Westminster Dragoons Territorial Yeomanry Regiment Cap Badge

 Westminster Dragoons Territorial Yeomanry Regiment Cap Badge
F2C/475 : £34.99


Guaranteed original. Complete & intact. F2C/475 This is an original Westminster Dragoons Territorial Yeomanry Regiment Cap Badge for sale. In good condition. Please see our other items for more original WW1, WW2 & post war British military cap badges for sale including other Westminster Dragoons Territorial Yeomanry Regiment cap badges.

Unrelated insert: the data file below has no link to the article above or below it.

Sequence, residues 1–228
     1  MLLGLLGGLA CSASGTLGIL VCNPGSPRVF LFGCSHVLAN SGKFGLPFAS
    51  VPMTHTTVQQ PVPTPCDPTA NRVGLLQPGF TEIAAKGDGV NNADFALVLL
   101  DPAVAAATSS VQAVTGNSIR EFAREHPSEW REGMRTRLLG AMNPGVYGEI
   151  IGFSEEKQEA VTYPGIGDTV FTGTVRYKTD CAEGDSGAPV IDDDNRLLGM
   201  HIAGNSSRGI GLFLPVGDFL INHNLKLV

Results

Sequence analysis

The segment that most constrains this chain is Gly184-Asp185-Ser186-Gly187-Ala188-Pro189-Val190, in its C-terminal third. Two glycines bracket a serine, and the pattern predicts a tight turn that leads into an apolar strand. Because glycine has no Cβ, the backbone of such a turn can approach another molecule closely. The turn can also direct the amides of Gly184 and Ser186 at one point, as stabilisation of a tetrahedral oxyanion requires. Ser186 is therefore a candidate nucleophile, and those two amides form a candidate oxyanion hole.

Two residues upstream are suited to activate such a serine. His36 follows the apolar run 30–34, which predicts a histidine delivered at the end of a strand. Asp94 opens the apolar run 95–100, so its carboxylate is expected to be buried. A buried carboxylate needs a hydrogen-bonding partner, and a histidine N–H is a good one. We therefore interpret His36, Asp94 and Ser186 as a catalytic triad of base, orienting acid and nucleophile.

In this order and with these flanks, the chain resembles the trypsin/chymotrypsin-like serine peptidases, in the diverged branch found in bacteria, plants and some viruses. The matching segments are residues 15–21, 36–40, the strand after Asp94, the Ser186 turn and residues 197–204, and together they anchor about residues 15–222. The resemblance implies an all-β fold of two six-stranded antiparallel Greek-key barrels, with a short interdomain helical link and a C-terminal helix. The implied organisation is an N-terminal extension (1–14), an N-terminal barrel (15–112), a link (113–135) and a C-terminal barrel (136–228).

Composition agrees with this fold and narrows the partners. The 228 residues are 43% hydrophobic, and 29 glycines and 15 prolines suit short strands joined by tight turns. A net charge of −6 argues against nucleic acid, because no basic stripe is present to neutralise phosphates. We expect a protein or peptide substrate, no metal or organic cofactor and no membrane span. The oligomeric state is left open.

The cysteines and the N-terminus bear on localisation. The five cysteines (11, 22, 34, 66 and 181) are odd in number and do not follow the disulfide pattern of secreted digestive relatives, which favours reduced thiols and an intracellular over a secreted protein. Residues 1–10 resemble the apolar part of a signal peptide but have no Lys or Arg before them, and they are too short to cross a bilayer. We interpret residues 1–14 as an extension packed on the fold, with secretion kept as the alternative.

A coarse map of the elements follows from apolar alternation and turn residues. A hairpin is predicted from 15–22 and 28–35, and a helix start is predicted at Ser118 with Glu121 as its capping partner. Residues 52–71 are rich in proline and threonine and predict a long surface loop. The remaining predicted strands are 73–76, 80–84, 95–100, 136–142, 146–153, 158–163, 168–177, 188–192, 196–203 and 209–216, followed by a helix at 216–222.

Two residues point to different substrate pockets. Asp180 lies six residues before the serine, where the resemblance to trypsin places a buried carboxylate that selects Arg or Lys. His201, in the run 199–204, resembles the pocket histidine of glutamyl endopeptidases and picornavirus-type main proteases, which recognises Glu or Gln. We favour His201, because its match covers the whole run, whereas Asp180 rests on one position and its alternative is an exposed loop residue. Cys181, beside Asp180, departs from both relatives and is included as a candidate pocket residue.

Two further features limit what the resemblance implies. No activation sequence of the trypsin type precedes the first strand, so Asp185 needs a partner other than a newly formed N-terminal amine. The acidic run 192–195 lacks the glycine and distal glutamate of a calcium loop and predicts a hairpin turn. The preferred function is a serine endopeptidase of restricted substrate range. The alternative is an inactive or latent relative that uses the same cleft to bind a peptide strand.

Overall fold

For more original cap badges for sale, click here. The Westminster Dragoons were formed in 1901 as the 2nd County of London Yeomanry, to meet the need identified during the Second Boer War for a body of trained mounted infantry. The unit was from the start a smart regiment filled with wealthy gentlemen from the City and the West End. Their attitude and attire was such that, as they strutted across West London, members became known as the 'Piccadilly Peacocks'. The unit's first officers were posted to the WDs from the 1st Royal Dragoons, one of the forerunners of the Blues and Royals; one of the first troop leaders was the Maharajah Shri Raj Rajeshwar. They brought with them the Royals' then-current capbadge, which was later adopted by Colonels and Brigadiers, which is why, until a common Royal Yeomanry cap badge was adopted in 2006, young WD officers often found themselves amused at being saluted by officers of higher rank. The WD stable belt (worn in barracks) bears the Royal racing colours - the imperial hues of purple, gold and scarlet as a result of the personal friendship of its first commanding officer, Colonel Charles Burn, with King Edward VII. Even at this time the WDs were at the forefront of using new equipment, being the second unit in the British army to be equipped with mobile wireless. In 1910 Lord Howard de Walden presented two Marconi pack sets to the Westminster Dragoons, the first sets in the army being those of the Westmorland and Cumberland Yeomanry. In 1914, the regiment consisted of four squadrons and was Headquartered at Elverton Street, Westminster, attached to the London Mounted Brigade for training. The First World War broke out while the WDs were on annual camp and they were immediately mobilised. The regiment was posted to Egypt, arriving at Alexandria on 25 September 1914, thereby being one of the first Yeomanry regiments to go overseas on active service. On 19 January 1915 they joined the 1/1st Hertfordshire Yeomanry to form the Yeomanry Mounted Brigade.[5] The brigade joined the 2nd Mounted Division on 13 August and was redesignated as 5th (Yeomanry) Mounted Brigade. It was dismounted to take part in the Gallipoli Campaign the regiment left a squadron headquarters and two troops (about 100 officers and men) in Egypt to look after the horses. The regiment landed at "A" Beach, Suvla Bay on 18 August and moved into reserve positions at Lala Baba on the night of 20 August. On 21 August it advanced to Chocolate Hill and was in reserve for the attacks on Scimitar Hill and Hill 112.[8] Due to losses during the Battle of Scimitar Hill and wastage during August 1915, the 2nd Mounted Division had to be reorganised. On 4 September 1915, the 1st Composite Mounted Brigade was formed from 1st (1st South Midland), 2nd (2nd South Midland) and 5th (Yeomanry) Mounted Brigades. Each dismounted brigade formed a battalion sized unit, hence the regiment was amalgamated with the Hertfordshire Yeomanry to form 5th Yeomanry Regiment. 5th Yeomanry Regiment left Suvla on 31 October 1915 for Mudros. It left Mudros on 27 November, arrived Alexandria on 1 December and went to Mena Camp, Cairo. The brigade left the 2nd Mounted Division on 7 December, was reformed and remounted, and joined the Western Frontier Force. The Yeomanry Mounted Brigade was broken up by March 1916, and the regiment was attached to the 6th Mounted Brigade, still in the Western Frontier Force. As they were the first formed body of troops to enter Jerusalem, they bear the liberation of that city as a battle honour. See General Allenby's account of the fall of Jerusalem and Battle of Jerusalem (1917). In April 1918, the regiment left XX Corps and was reformed as F Battalion, Machine Gun Corps. F Battalion, MGC was posted to France, arriving on 1 June 1918. On 19 August 1918 it was renumbered as 104th (Westminster Dragoons) Battalion, Machine Gun Corps. They remained on the Western Front for the rest of the war. At the Armistice, it was serving as Army Troops with the Second Army. Please see our other items for more original WW1, WW2 & post war British military cap badges for sale including other Westminster Dragoons Territorial Yeomanry Regiment cap badges.